Tips to get you financially ready to buy a home

Woman holding a little house

You’re thinking of starting an exciting new chapter and buying your very first home. But before you begin, it’s important to have all your ducks in a row and be ready financially.

For many first-time homebuyers, a big question is how important their credit score is. While credit is important to your purchase, you may not need as high of a credit score as you think. “Many buyers believe that if they don’t have good credit, they won’t be able to get a mortgage,” says Hilla Sferruzza, Meritage Homes Chief Financial Officer. That’s not always the case; there are programs that can help.

In the meantime, here are a few things to start doing—and a couple of things to avoid—to help you improve your purchasing power and get one step closer to homeownership.

Don’t switch jobs

When it comes to getting your mortgage application approved, your employment and income are two of the most important factors underwriters consider. Even if your loan has been approved, many lenders will do a final check to verify your employment and income haven’t changed. Lower pay could affect your chances of obtaining or keeping a mortgage.

“Many buyers believe that if they don’t have good credit, they won’t be able to get a mortgage.”

Hilla Sferruzza, Chief Financial Officer, Meritage Homes


Avoid major purchases

Don’t make major purchases on a credit card or get a different type of loan between pre-approval and closing—this includes car loans and vacation reservations. Doing so could affect your debt-to-income ratio, and therefore your purchasing power.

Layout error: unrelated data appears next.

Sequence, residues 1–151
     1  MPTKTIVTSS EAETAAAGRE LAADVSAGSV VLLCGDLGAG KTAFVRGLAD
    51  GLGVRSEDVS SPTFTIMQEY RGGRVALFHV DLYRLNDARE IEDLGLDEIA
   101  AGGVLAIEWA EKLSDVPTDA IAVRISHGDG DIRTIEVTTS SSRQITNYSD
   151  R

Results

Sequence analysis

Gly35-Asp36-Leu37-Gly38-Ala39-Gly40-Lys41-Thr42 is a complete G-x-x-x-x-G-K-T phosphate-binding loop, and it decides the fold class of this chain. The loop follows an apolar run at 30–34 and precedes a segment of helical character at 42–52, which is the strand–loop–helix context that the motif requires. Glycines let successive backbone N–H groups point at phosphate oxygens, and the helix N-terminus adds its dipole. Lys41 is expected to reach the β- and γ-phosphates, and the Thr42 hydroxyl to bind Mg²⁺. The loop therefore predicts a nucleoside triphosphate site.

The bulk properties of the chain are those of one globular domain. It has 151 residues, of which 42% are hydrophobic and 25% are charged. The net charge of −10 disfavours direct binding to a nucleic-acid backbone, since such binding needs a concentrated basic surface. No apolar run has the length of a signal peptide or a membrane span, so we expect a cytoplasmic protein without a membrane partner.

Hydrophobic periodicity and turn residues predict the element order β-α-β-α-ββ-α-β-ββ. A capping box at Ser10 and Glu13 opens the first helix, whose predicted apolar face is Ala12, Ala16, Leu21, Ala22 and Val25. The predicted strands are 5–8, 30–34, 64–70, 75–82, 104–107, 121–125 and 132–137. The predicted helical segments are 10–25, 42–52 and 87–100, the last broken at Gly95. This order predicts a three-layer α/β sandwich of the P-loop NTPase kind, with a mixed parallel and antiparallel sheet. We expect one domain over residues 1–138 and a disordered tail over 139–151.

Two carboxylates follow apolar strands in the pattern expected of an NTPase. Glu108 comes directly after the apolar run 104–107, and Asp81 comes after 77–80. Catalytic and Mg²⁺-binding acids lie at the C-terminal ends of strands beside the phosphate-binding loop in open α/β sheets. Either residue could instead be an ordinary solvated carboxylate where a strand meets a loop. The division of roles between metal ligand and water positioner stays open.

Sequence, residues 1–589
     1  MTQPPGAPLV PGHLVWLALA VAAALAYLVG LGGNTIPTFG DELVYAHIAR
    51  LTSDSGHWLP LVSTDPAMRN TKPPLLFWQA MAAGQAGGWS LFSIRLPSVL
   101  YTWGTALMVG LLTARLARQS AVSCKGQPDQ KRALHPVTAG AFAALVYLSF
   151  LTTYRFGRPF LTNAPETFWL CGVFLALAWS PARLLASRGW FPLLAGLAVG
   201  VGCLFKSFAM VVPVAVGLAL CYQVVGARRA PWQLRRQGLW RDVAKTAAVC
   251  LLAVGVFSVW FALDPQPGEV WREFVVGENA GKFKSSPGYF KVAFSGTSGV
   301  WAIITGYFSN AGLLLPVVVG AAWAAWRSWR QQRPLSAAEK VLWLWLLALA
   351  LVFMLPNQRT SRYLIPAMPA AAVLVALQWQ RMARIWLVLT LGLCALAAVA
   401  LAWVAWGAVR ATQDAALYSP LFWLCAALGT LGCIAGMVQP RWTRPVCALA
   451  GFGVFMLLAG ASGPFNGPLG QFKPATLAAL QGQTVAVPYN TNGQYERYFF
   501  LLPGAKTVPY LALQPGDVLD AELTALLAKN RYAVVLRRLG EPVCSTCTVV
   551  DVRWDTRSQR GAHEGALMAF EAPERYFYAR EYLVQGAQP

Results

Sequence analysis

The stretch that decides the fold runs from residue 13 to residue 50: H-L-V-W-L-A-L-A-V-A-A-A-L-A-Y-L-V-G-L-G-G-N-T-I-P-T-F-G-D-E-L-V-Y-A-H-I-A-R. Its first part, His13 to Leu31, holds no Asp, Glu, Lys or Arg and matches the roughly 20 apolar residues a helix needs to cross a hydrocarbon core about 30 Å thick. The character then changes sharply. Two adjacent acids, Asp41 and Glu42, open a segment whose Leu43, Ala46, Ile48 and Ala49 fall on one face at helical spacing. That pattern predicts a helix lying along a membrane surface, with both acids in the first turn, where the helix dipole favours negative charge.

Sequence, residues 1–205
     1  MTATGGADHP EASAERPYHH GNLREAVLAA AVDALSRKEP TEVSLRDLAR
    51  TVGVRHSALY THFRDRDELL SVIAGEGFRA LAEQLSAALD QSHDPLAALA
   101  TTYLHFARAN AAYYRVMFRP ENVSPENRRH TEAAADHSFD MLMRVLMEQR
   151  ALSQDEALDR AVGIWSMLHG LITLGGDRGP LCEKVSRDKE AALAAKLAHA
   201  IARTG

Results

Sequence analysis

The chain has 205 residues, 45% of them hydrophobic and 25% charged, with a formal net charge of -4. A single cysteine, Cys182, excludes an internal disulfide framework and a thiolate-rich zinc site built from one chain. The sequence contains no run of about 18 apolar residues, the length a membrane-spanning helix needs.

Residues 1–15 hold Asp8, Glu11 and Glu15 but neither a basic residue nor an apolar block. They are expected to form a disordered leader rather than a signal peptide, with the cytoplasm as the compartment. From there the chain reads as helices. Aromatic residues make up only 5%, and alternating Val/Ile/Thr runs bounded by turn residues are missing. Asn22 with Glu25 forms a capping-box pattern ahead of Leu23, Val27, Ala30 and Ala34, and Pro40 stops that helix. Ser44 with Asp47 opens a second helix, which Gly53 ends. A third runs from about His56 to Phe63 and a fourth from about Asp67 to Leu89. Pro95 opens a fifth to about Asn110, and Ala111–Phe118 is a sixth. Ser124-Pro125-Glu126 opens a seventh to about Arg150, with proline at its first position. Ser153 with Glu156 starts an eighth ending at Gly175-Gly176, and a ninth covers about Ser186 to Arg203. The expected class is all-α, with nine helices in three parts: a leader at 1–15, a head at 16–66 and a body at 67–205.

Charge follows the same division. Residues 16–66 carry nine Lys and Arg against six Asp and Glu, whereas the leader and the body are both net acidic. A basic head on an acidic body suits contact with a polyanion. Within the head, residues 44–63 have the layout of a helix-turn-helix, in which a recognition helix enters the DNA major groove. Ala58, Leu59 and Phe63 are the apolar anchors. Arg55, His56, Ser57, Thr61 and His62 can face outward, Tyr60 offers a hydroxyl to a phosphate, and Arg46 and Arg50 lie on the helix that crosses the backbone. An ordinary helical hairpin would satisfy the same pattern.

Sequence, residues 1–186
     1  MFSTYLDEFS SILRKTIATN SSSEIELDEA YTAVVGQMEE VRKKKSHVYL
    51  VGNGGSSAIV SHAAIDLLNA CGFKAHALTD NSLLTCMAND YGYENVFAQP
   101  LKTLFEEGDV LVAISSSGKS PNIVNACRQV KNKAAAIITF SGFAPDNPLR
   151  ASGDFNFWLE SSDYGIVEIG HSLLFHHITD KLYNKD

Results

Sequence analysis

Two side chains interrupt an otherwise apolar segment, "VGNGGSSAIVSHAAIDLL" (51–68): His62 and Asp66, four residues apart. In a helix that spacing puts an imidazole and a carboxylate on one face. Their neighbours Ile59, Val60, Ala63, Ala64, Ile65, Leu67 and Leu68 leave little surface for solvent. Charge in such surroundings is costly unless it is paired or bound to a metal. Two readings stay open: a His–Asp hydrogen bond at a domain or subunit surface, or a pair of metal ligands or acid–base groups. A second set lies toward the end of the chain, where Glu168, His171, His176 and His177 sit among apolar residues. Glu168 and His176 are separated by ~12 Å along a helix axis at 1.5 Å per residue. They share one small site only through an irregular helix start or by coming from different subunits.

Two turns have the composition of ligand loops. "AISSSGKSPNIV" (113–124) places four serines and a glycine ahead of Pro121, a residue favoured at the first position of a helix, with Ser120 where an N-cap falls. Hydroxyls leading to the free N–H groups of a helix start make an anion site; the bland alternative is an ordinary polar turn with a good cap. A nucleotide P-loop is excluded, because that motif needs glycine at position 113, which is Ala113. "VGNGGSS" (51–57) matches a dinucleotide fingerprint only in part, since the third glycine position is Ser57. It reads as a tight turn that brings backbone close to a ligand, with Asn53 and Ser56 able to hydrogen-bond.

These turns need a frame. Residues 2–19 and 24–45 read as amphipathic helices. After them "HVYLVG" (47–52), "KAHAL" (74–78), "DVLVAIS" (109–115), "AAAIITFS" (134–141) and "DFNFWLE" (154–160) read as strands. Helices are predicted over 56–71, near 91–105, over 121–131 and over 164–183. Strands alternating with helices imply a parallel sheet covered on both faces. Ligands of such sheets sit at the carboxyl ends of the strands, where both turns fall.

Keep credit cards to a minimum

Don’t open multiple new credit cards in an attempt to create more available credit lines. Every time you apply for a card, the issuer checks your credit, which is considered a hard inquiry on your credit report and can affect your score.

Couple holding a poster

Buy less house than you can afford

You may be approved for a certain amount, but lenders don’t take into consideration your expenses such as daycare, auto insurance, and medical payments. Additionally, if you buy a house at the top of your budget, it won’t leave any wiggle room for an emergency fund or savings. Just keep this in mind: as a general rule, you want to spend no more than 30 percent of your monthly gross income on housing.

Don’t focus on just your credit score

While a minimum credit score is important when buying a new home, putting an actual number on it can be misleading. “Doing this can lead to potential buyers disqualifying themselves from the homebuying process just based on that value,” says Brian Hall, Meritage Homes President of Financial Services. “Take the time to get pre-approved.”

For additional assistance on getting financially ready, expert guidance is available for most homebuyers through MTH Mortgage’s Financial Solutions Program. The complimentary Financial Solutions Program gives customers with less-than-perfect credit the tools they need to purchase a home by helping them clean up their credit profile and determine which loan is best for them. Buyers who are interested can pre-qualify on the website.

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